They were the first to discover a major genetic or inherited risk factor for Alzheimer's disease back in 1993.
Now the Vanderbilt Center for Human Genetics Research in Nashville, Tennessee, has discovered a major variation in two chromosomes that they believe is connected to Alzheimer's disease.
Alzheimer's disease is a progressive neurological disorder that kills brain cells causing irreversible brain damage.
About five million people suffer from Alzheimer's disease in the U.S.
With this new chromosomes finding, researchers at Vanderbilt University Medical Center in Nashville, Tennessee, hope to be one step closer to stopping the suffering from the devastating disease.
It’s a tough time for Pat Adams. Marlon, her husband of 24 years, died a few months ago. Marlon was diagnosed with Alzheimer’s disease, the degeneration of brain cells and irreversible brain damage.
Marlon became a part of a major Alzheimer’s study at Vanderbilt University Medical Center. Researchers are looking at DNA, mutations and genes involved in Alzheimer’s.
Their newest findings: major variations in two chromosomes, 9 and 12. Researchers hope by tracking the trail they will find a cure or better treatment for the disorder.
Jonathan Haines, Ph.D., Vanderbilt University Medical Center, says, “We see this over-representation of this particular variation in Alzheimer individuals versus control individuals. There’s clearly something going on with this variation, we’re just not sure what this variation does.”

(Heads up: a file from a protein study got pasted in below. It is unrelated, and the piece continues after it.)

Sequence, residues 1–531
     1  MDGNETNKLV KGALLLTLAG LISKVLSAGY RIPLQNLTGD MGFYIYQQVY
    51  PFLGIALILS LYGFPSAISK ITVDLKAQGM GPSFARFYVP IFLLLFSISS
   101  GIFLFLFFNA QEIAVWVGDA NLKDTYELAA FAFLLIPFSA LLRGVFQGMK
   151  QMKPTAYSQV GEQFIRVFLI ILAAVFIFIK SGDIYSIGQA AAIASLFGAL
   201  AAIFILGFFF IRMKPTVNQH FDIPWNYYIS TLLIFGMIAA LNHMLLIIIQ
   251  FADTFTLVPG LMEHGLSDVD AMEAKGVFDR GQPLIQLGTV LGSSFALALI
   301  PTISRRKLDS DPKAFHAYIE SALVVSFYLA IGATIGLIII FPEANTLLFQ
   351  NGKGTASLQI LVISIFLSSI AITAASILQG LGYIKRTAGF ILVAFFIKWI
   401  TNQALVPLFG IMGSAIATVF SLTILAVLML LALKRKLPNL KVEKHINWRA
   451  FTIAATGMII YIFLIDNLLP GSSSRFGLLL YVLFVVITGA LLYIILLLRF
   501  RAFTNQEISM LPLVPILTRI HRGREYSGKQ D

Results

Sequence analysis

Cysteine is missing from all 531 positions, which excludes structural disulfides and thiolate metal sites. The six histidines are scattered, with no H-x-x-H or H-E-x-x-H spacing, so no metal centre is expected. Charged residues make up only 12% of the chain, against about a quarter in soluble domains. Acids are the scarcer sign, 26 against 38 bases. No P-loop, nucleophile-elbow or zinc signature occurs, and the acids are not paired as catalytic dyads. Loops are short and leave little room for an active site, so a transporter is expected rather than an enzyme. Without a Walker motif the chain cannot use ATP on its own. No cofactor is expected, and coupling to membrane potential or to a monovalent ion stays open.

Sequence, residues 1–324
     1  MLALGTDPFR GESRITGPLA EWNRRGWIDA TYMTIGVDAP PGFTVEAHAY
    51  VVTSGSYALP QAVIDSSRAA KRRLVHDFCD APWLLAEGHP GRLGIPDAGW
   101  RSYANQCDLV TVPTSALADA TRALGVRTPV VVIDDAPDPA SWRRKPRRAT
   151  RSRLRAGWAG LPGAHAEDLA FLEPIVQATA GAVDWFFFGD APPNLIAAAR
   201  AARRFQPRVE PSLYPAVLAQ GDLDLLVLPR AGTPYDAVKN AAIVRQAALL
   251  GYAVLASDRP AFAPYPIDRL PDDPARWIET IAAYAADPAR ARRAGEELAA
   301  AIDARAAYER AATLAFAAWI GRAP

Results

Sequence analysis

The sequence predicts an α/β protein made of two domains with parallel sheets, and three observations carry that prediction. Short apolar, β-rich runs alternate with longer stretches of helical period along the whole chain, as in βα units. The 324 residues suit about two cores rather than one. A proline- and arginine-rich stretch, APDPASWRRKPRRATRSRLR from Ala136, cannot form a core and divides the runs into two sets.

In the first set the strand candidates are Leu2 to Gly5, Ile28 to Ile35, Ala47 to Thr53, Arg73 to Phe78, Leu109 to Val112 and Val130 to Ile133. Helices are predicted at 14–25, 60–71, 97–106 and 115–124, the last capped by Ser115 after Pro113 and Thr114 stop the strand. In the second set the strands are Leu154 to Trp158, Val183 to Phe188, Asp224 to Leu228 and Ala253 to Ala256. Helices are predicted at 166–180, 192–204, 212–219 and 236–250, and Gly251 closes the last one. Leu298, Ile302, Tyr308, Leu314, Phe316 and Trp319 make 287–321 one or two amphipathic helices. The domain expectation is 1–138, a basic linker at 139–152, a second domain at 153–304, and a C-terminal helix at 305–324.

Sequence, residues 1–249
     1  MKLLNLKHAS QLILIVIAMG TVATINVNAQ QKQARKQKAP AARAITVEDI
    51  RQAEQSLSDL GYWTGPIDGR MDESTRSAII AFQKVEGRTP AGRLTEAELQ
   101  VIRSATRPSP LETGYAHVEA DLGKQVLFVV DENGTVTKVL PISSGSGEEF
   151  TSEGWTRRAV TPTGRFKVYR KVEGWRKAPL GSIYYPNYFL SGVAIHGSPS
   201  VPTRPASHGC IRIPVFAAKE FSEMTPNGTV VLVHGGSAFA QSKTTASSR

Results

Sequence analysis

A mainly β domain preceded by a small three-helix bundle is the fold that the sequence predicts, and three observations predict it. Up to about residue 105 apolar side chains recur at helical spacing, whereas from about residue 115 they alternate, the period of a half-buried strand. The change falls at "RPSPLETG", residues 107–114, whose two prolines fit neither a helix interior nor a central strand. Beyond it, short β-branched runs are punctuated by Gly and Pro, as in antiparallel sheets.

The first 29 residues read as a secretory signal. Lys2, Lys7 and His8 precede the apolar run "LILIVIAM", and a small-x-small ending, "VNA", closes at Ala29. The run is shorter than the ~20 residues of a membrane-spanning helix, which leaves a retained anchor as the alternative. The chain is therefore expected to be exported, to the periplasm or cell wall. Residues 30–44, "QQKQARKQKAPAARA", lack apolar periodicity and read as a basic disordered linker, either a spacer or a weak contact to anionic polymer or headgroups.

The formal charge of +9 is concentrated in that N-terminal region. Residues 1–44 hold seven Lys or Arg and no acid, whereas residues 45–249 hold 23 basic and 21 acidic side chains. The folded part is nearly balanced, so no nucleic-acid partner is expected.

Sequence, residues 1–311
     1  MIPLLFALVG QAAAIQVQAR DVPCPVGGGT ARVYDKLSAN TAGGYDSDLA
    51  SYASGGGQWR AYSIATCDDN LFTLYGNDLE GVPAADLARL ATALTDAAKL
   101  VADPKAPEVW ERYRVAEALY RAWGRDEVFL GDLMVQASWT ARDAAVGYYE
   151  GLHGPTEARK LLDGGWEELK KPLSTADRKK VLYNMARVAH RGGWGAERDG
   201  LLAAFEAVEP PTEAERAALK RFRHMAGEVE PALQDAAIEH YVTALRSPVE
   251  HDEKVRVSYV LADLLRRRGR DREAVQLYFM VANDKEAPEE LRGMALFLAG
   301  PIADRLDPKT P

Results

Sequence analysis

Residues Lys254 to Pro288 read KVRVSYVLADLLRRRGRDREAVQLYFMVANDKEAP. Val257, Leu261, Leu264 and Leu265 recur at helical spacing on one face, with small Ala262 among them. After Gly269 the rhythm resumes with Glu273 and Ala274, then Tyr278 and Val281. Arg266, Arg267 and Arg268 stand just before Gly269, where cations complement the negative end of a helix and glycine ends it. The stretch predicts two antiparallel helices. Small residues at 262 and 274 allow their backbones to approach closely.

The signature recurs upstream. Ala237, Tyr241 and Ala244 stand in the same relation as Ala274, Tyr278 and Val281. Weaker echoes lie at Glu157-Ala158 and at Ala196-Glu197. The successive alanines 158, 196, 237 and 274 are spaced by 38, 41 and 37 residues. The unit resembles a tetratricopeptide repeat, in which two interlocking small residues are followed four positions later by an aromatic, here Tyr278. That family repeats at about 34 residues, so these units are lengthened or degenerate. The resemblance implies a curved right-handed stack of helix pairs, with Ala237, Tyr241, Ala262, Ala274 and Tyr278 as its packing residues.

“We keep hoping that every step we take is going to be the critical one that allows us to understand and allows us to develop a treatment,” says Haines.
Though he’s gone, Marlon’s family finds comfort in knowing that his part in the research may spare others from Alzheimer’s devestation.
For some victims of Alzheimer's, the disease progresses quickly. They lose all ability to take care of themselves. For others, the deterioration occurs over many years.
Vanderbilt is part of a large international collaboration of clinical trials hoping to find a cure or better treatment.
Researchers say they need many volunteers for research, both those with Alzheimer's disease and those without.
If you would like to be part of the study, contact Vanderbilt Center for Human Genetics Research at 1-888-717-4319 or check out their web page at http://chgr.mc.vanderbilt.edu.
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